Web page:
Despite having been born and raised in Michigan, I find myself constantly discovering new facts and history about the Mitten state and what makes it truly unique. After spending several years away living in states across the Midwest I've come to find what they say is true: there is no place like home!
One of Pure Michigan's best features and what has given our state its unique shape are the Great Lakes. We are so lucky to live in state that has the largest freshwater system in the world. We all know the H.O.M.E.S. acronym to remember the name of each Great Lake: Huron, Ontario, Michigan, Erie, and Superior, but check out this list of lesser-known facts about our beloved lakes. Did you know any, or all, of these facts? I sure didn't!
1. The Great Lakes
Michigan has more coastline than any other state, except Alaska. With 3,288 miles of shoreline in Michigan alone, if you combined Michigan's Great Lakes coastline with Canda's that would be equivalent almost 44 percent of the circumference of the Earth.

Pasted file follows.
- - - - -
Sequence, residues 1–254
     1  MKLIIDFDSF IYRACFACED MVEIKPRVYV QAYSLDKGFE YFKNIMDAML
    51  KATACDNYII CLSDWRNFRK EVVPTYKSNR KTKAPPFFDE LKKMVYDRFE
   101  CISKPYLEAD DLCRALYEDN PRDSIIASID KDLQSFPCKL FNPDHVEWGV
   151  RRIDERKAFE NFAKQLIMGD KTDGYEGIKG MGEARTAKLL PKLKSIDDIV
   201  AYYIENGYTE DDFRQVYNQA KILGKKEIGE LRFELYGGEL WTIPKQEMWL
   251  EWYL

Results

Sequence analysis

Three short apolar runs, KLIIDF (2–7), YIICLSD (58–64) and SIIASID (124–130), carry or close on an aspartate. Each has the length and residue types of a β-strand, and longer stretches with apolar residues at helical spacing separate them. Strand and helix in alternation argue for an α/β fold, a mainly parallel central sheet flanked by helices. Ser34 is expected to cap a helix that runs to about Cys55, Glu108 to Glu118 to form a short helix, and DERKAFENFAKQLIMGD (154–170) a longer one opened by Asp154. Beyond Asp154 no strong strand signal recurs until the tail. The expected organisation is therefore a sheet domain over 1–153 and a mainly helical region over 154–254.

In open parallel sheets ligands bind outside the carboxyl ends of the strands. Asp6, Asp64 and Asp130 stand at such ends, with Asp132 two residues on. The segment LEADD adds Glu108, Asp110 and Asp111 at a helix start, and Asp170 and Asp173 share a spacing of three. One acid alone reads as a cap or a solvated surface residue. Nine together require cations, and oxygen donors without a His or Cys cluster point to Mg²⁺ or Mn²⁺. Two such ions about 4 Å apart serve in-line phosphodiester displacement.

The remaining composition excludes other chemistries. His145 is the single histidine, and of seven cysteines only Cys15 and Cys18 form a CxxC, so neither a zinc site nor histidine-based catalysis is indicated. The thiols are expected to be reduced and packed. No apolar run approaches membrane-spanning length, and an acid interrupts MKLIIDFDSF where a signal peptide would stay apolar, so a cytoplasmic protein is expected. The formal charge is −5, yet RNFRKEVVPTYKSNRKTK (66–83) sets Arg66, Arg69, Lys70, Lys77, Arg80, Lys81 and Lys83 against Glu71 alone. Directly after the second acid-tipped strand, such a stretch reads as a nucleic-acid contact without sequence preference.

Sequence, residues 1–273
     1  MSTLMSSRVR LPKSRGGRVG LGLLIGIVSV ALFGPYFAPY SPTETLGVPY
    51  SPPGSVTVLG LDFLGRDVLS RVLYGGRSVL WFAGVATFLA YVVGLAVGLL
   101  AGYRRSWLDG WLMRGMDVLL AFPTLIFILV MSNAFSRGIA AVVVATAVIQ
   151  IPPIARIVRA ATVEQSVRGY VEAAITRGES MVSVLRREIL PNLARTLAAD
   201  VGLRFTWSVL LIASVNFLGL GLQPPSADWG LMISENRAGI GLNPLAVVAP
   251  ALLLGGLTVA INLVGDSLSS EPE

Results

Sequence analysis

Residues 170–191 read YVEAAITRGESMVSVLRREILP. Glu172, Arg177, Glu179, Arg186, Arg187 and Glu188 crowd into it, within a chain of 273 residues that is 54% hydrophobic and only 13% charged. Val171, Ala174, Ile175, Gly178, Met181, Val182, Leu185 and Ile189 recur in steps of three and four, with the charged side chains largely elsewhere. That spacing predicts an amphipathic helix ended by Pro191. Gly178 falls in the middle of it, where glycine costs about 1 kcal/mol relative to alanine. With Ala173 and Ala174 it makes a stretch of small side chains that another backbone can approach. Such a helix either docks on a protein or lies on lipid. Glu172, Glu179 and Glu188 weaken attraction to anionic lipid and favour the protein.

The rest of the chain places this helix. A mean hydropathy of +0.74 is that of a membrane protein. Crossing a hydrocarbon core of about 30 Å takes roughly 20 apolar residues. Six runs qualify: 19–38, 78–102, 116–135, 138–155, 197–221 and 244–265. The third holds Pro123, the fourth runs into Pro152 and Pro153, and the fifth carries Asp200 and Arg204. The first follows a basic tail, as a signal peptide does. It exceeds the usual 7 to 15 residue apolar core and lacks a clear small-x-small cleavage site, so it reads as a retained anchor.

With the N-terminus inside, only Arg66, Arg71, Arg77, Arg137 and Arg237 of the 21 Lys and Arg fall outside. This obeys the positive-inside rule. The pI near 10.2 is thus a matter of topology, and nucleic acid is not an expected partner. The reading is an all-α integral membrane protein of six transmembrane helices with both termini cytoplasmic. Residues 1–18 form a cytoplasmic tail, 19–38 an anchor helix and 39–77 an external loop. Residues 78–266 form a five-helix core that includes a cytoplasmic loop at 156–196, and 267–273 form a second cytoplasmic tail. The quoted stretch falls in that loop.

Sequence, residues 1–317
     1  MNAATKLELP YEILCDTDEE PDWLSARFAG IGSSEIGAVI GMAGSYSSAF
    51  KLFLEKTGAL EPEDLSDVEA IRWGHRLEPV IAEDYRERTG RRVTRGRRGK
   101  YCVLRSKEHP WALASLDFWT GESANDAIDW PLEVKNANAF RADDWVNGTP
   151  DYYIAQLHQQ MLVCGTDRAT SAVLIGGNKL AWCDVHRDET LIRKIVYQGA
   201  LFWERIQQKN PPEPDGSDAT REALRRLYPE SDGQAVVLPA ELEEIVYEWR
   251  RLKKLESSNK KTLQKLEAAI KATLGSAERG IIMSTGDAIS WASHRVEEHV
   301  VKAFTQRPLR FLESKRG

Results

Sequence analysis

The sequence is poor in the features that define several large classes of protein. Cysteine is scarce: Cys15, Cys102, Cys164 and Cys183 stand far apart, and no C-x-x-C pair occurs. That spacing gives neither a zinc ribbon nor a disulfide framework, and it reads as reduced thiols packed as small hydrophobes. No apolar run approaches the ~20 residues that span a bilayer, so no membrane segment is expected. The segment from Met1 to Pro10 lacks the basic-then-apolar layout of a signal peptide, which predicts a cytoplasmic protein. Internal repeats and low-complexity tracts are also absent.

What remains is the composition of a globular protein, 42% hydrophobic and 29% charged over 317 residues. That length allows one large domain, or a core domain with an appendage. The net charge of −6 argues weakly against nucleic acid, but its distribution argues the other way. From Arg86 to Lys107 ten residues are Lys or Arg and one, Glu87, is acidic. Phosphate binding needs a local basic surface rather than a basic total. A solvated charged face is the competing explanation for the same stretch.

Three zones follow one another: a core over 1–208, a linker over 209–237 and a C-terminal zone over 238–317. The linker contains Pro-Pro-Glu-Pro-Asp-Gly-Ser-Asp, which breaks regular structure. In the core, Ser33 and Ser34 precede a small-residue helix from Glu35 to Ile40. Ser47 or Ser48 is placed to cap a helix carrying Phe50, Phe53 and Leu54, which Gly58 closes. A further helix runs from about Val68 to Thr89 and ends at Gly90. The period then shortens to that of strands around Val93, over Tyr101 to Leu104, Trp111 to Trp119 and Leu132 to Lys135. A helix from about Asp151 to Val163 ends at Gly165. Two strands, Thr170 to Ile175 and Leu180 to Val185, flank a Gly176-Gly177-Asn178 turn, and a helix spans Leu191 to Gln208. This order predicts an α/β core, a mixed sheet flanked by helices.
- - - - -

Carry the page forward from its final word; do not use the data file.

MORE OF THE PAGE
2. Lake Huron
Hydrologically speaking, Lake Michigan and Lake Huron are the same water level. If it weren't for the Straits of Mackinac they would be considered one entire lake.
3. Lake Ontario
Babe Ruth hit his first professional home run in Toronto in 1914 at Hanlan's Point Stadium. The ball reportedly landed in Lake Ontario where it is still believed to be to this day.
4. Lake Michigan
This is the only one of our Great Lakes that is entirely contained within U.S. territory. The Great Lakes border 8 states and 2 Canadian provinces, but Lake Michigan is the only lake to not touch Canada.
5. Lake Erie
At the time of the original publication of Dr. Seuss' The Lorax, Lake Erie was known for being extremely polluted. The book included the line, “I hear things are just as bad up in Lake Erie.” After conditions had improved, students at the Ohio Sea Program wrote to Dr. Seuss 14 years later and asked him to reconsider the line and he removed it.
6. Lake Superior
With over 3 quadrillion gallons of water, Lake Superior accounts for more than 50% of all the water in the Great Lakes. According to Michigan.org, if you wanted to raise the water level of Lake Superior by only an inch you would need to add an 500 billion gallons of water to do so.